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Bujinkan 急所丸 Kyūsho Maru

A Point in Ueno Sation. photo by Michael Glenn
I have had the fortune of training with Hatsumi Sensei outdoors on a number of occasions. Each time it was unique, but on this day Soke waved his hand toward the students and told us today would be a test for the Jugodans.

It was a cool morning under the Japanese maples, so Hatsumi Sensei wore  a quilted 羽織 haori which was the color of pearl. I don’t know if anyone else heard him, but he muttered the phrase “open sesame!” Because we were about to open a gate to hidden treasures.

One of those treasures arrived when Soke broke the attack of his opponent, causing his spine to arch back. Sensei hooked into his eyes with one finger. Then he dropped away to release the tension.

At this moment, he caught the fall of his uke with the position of his body. This had the effect of completely twisting the limbs and spine. And crushing like a trash compactor.

Hatsumi Sensei looked at all of us and said,
“全体駄目 zentai dame, or when everything is hopeless, there is that one point, 点眼 tengan, which is the kyūsho of taijutsu.”
I had never heard of tengan, but lucky for me, Soke explained by gesturing with his finger. Tengan is like when you use an eyedropper. It's like dropping a spot in the middle of an eye.

But tengan is a play on words. Change the kanji to 天眼, and it means the eyes of heaven, or divine eye. This is a Buddhist concept that suggests you can see in the darkness, or are clairvoyant. Harness perception that is almost supernatural.

The eye of heaven can see everything. The future, the past. It can see into your enemy’s mind. Now it is easy to predict his strategy or find his weakness.

Hatsumi Sensei drew a circle around that point in the air. He continued to explain,
“It’s not a point on the body. This is 急所丸 kyūsho maru. This is not something written in a scroll anywhere. This is for the jugodans. Please discover (発見 hakken) the kyūsho within the movement. You need to discover that for yourself.”
Since that day, I have been working to study kyūsho maru. It is an idea that ripples across all of my training like a drop in a pond. Here are a few of the ripples to consider.

The kanji for 急所丸 kyūsho maru can start us off. Kyūsho means a vital point, or an essential point. Maru means round, but like a true circle, it implies perfection. The kanji itself is 9 (九) plus one stroke.  As Hatsumi Sensei is fond of saying, this equals 10 which is perfect in Japanese numerology.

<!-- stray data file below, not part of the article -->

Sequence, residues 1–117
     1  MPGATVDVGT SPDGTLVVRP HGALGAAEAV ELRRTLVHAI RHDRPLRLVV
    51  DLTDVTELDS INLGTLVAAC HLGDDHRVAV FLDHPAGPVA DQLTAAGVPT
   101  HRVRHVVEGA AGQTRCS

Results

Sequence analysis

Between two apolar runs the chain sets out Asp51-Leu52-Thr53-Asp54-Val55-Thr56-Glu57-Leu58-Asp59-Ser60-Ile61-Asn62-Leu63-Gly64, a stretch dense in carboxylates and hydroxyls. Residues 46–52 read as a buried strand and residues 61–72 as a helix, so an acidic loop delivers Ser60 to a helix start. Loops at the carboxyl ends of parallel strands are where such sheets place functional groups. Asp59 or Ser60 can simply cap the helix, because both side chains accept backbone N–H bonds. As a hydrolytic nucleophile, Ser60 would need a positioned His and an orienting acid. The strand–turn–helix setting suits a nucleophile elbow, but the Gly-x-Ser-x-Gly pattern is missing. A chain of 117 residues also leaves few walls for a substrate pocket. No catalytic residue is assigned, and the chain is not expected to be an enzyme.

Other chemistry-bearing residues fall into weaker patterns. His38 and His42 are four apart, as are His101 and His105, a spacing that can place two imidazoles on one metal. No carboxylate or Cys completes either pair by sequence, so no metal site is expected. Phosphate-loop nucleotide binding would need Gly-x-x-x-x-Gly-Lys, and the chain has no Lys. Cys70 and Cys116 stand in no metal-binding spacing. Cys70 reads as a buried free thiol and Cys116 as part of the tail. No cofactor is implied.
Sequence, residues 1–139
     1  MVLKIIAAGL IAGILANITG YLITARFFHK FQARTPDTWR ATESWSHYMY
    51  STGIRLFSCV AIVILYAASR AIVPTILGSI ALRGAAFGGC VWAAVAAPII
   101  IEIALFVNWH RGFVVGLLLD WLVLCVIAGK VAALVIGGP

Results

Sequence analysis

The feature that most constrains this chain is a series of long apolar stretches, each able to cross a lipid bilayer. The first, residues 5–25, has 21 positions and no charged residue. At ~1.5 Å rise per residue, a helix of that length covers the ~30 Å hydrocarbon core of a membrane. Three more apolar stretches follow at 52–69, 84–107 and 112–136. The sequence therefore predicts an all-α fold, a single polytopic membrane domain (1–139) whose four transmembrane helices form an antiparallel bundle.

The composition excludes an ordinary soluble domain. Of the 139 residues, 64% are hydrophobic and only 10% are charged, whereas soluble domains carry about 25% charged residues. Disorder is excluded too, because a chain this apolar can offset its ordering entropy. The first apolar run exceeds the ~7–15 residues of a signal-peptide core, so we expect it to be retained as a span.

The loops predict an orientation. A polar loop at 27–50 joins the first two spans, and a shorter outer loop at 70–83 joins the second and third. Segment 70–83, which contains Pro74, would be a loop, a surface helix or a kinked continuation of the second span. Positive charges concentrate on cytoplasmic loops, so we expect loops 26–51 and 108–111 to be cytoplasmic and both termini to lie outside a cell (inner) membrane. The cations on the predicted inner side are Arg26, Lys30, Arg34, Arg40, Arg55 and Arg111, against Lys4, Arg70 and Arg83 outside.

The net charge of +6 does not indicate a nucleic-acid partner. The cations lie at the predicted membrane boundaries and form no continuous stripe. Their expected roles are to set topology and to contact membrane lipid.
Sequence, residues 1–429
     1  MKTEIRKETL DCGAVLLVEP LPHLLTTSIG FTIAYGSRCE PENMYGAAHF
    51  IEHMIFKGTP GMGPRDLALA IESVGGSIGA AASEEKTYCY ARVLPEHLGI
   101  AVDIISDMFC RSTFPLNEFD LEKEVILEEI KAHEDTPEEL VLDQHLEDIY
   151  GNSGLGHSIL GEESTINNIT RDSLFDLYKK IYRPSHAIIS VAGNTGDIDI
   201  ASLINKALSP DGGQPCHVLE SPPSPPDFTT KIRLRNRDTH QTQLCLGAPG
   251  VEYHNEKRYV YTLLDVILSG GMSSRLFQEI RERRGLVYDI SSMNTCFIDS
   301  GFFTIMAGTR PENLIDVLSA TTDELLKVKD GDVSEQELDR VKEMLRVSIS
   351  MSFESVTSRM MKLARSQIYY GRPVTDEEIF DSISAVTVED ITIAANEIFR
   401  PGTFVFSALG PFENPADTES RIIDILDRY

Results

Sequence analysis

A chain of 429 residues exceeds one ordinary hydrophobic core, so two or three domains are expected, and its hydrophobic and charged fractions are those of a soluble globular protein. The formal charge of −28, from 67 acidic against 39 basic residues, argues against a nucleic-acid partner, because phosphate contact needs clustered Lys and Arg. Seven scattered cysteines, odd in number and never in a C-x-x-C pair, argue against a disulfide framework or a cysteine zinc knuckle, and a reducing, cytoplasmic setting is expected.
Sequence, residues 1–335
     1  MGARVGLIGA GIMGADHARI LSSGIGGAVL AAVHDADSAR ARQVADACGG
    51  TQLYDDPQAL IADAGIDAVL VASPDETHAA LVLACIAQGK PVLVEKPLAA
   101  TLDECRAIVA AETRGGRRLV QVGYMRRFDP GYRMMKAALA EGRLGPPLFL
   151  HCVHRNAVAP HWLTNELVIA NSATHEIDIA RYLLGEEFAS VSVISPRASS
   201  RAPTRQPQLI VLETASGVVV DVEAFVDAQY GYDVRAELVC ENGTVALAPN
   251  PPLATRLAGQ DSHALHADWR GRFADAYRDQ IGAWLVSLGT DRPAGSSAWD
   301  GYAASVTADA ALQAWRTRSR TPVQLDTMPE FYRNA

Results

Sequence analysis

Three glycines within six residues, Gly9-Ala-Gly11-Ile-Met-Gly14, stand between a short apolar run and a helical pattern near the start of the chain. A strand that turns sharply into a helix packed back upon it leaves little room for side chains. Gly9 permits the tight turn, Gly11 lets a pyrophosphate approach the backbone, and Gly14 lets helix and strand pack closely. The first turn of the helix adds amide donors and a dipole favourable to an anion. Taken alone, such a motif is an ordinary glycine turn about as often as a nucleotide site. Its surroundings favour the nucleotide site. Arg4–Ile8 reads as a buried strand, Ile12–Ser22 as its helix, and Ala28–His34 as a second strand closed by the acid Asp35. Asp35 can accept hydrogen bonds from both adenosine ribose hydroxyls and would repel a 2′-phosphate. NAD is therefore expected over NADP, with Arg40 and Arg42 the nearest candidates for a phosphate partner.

So kyūsho maru is the “perfect kyūsho” for the moment. This kyūsho might be on the opponent’s body. But it can be anywhere in the kukan. When you consider that possibility, the implications for your training grow from that point.

At a basic level, I find the weak point in the kukan and attack it. But as I wrote in Kukan no Kyūshō 空間の九勝: Twisting Around a Moment in Space, you might use that kyūsho to pivot. You move around it in a state of flux. There is no fixed coordinate, no set technique.

These kyūsho are in the space itself, the kukan. They are in the emptiness. When you can attack those points, the results will be bigger than your own ability or your own strength.

Kashiwa Plaza Hotel Selfie
Some Jugodans will understand this, and some will not. I wrote before that kihon is the heart of an infinite circle. Kihon is a point in the middle of a circle, or in the middle of infinity.

Later that afternoon, as the sun broke through the gray clouds, Hatsumi Sensei described capturing these points,
“Within the flow of the kukan (kukan no nagare), you want to control these very small points such as the fingers, the eyes, or the breath. You’re taking those points, but in a way that it is difficult for the opponent to perceive what’s happening in that flow. This is what we’re studying.”
What was the test for us Jugodans? There is no easy answer to that. I am still testing.

Hatsumi Sensei had us all face the sun and bow to wrap up the day of training. I felt the warmth on my face. But the sun is just a bright point in infinity, hanging in emptiness.

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